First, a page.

REVIEW BY MARGA RET ANN LEMBO, author of Chakra A wakening and The Essential Guide to Crystals, Minerals and Stones (Llewellyn). Owner of The Crystal Garden, Boynton Beach, FL.
Dragonflame is the culmination of Lawren Leo’s decades of training in and use of the practical Qabalah, Wicca, Alchemy, Divination, High Magick, and psychic readings. Leo’s first sentence in Dragonflame epitomizes the tone found througout, “If we are to wield great magic, then let us l earn from great teachers.” The image he projects is self-effacing and respectful: he always credits his sources. Yet this is never at the expense of the confidence with which he makes this information so readily understandable and, importantly, appliable to readers from any walk of life. He emphasizes that this is a process of learning “ how to awaken potent magical forces lying dormant within you.”
His particular contribution is accomplishing this goal through a philosophy which he calls “Dragonflame.” It is based on a system composing Goal, Purpose, and Sacrifice (GPS), which runs in tandem with his helpful rituals. To allay any fears that might stem from the use of this subject matter, he sets out a caveat early on in the boo k, emphasizing the proper rules that he uses to guide readers (and users!), “All your goals can be obtained through magic as long as your purpose is pure and ultimately aimed at self-transformation.” Leo’s frank discussion of his own life experiences, despite the fact that sometimes exposes his vulnerability, is ultimately rewarding for a reader who might otherwisbe intimidated. Leo has already walked this path and is in a particularly advantageous position ooffer the reader a helping hand to traverse this oftentimes daunting territory.
The handsome presentation of Dragonflame – from the cover art to the extensive illustrations and diagrams – is as visually rewarding as the contents are fresh and engrossing. In his exceptionally smooth prose Leo effortlessly shares his innovative philosophy. The most attractive feature of this book is its guaranteed appeal to a broad audience. He has taken great measures to de-mystify what could be intimidating or overly complex subject matter; thus assuring a guaranteed appeal to newcomers.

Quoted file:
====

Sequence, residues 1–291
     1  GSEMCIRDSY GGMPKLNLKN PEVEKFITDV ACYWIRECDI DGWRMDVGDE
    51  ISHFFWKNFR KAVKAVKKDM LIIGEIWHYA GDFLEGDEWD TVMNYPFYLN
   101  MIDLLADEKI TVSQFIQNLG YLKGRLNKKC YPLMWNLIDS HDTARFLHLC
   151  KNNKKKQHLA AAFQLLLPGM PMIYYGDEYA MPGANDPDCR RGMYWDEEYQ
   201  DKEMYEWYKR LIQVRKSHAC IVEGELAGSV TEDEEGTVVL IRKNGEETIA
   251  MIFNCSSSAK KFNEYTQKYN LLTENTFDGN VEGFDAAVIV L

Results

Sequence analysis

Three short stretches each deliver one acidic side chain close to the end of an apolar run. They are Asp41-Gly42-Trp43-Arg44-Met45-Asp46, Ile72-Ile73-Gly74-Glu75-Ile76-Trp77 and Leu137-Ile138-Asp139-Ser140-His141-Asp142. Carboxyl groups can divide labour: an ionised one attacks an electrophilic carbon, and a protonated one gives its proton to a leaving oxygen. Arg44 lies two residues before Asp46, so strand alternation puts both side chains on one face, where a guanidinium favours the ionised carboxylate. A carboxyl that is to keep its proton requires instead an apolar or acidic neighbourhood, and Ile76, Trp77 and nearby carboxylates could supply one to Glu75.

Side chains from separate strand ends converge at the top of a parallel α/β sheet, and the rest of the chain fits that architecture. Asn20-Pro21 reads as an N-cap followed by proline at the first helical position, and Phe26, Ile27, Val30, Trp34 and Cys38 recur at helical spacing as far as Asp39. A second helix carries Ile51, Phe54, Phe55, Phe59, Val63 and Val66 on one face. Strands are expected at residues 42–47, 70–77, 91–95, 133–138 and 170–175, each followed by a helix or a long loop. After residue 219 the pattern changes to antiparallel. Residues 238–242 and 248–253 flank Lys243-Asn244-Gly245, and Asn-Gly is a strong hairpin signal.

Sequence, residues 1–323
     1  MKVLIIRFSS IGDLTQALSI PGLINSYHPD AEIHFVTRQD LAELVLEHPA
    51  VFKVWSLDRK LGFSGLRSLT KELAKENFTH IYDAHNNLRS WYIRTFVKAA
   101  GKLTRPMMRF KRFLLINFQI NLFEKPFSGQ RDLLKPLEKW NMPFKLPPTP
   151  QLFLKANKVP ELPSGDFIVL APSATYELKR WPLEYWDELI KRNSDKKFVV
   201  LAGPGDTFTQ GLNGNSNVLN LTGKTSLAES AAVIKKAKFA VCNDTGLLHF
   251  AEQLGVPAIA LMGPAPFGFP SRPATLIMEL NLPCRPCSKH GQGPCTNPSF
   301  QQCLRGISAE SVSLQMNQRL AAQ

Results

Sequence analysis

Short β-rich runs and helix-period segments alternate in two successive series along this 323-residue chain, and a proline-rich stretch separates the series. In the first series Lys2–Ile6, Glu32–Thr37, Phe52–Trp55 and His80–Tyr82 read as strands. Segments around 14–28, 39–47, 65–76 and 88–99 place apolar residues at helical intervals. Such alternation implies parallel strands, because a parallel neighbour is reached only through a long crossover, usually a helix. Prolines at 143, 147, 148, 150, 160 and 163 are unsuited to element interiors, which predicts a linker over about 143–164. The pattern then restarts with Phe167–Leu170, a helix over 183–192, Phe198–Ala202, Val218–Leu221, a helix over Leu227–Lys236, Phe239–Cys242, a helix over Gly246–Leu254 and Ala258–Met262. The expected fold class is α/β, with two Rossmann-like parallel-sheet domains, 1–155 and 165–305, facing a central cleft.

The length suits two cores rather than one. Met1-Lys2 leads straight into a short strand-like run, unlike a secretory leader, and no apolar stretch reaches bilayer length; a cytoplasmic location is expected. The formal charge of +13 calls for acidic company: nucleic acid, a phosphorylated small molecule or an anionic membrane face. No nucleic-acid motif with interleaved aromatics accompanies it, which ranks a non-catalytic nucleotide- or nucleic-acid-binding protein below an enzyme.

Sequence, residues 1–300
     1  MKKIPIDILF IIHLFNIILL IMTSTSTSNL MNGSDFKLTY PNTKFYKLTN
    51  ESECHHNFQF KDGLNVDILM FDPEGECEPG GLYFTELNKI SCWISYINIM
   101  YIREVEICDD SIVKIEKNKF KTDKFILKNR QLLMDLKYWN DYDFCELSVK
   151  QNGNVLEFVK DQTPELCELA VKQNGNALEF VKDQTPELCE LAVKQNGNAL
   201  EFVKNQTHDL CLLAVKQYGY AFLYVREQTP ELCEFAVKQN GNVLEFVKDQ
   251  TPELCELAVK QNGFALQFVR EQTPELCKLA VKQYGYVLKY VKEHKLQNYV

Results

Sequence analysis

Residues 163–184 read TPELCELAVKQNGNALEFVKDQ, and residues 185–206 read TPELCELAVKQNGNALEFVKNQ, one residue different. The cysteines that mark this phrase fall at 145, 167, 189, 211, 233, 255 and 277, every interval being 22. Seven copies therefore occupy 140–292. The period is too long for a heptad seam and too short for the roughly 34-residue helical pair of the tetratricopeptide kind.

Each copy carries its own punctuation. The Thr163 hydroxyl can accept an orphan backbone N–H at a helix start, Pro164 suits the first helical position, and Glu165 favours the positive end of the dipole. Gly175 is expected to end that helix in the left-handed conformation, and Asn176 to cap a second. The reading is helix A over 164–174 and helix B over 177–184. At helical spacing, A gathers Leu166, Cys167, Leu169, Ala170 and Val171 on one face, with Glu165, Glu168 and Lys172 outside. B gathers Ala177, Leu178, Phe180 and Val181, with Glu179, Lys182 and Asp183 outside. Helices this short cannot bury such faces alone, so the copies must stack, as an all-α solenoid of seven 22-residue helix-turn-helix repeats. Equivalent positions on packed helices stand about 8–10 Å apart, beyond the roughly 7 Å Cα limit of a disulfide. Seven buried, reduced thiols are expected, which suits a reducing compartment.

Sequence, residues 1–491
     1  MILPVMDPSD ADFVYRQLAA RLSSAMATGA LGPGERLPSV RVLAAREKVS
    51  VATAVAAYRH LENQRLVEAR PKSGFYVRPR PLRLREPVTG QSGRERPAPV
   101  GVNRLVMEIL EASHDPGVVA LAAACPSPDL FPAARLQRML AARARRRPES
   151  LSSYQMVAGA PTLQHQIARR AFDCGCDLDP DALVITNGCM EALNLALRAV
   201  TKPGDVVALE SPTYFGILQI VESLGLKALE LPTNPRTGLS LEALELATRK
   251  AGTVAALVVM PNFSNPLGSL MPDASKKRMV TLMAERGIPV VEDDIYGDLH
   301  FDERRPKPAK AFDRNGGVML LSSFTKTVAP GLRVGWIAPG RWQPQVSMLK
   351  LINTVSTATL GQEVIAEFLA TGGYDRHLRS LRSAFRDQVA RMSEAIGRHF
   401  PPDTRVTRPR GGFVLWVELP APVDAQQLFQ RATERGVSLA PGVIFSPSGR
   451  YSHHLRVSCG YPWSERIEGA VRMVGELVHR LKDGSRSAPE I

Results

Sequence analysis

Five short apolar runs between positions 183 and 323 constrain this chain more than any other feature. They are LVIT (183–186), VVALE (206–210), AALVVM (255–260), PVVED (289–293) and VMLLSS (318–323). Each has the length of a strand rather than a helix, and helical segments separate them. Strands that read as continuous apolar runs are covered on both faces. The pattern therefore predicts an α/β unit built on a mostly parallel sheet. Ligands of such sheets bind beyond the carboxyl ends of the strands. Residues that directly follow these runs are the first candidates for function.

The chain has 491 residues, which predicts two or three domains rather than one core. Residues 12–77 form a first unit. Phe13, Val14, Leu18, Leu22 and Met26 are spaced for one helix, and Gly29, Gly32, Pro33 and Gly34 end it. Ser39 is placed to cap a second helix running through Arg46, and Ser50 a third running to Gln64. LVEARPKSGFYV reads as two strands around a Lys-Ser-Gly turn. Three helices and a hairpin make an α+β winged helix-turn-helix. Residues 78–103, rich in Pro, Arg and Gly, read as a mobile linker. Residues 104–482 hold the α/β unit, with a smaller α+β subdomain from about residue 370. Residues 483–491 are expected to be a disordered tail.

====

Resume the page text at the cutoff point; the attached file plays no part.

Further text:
Another attractive aspect of Dragonflame is the way it can be used for soul-searching. The rituals are at once relevant and classical. Though they may encourage some readers to go outside their “comfort zone,” they are consistently realistic in their demands. Perhaps Leo’s greatest achievement here is his successful use of multiple inroads to help the reader to achieve one single goal, self-empowerment.
One of Leo’s finest sections is the glossary. Its clarity is astounding, especially given the inherently impenetrable esoteric and occult subject matter. Following in the footsteps of the Golden Dawn and Donald Michael Kraig, it most certainly merits addition to the twenty-first century canon of studies on the practical application of magic. In Leo’s own words, “Magic is fire. This book teaches you how to dance around it, enjoy it, and respect it without getting burned.”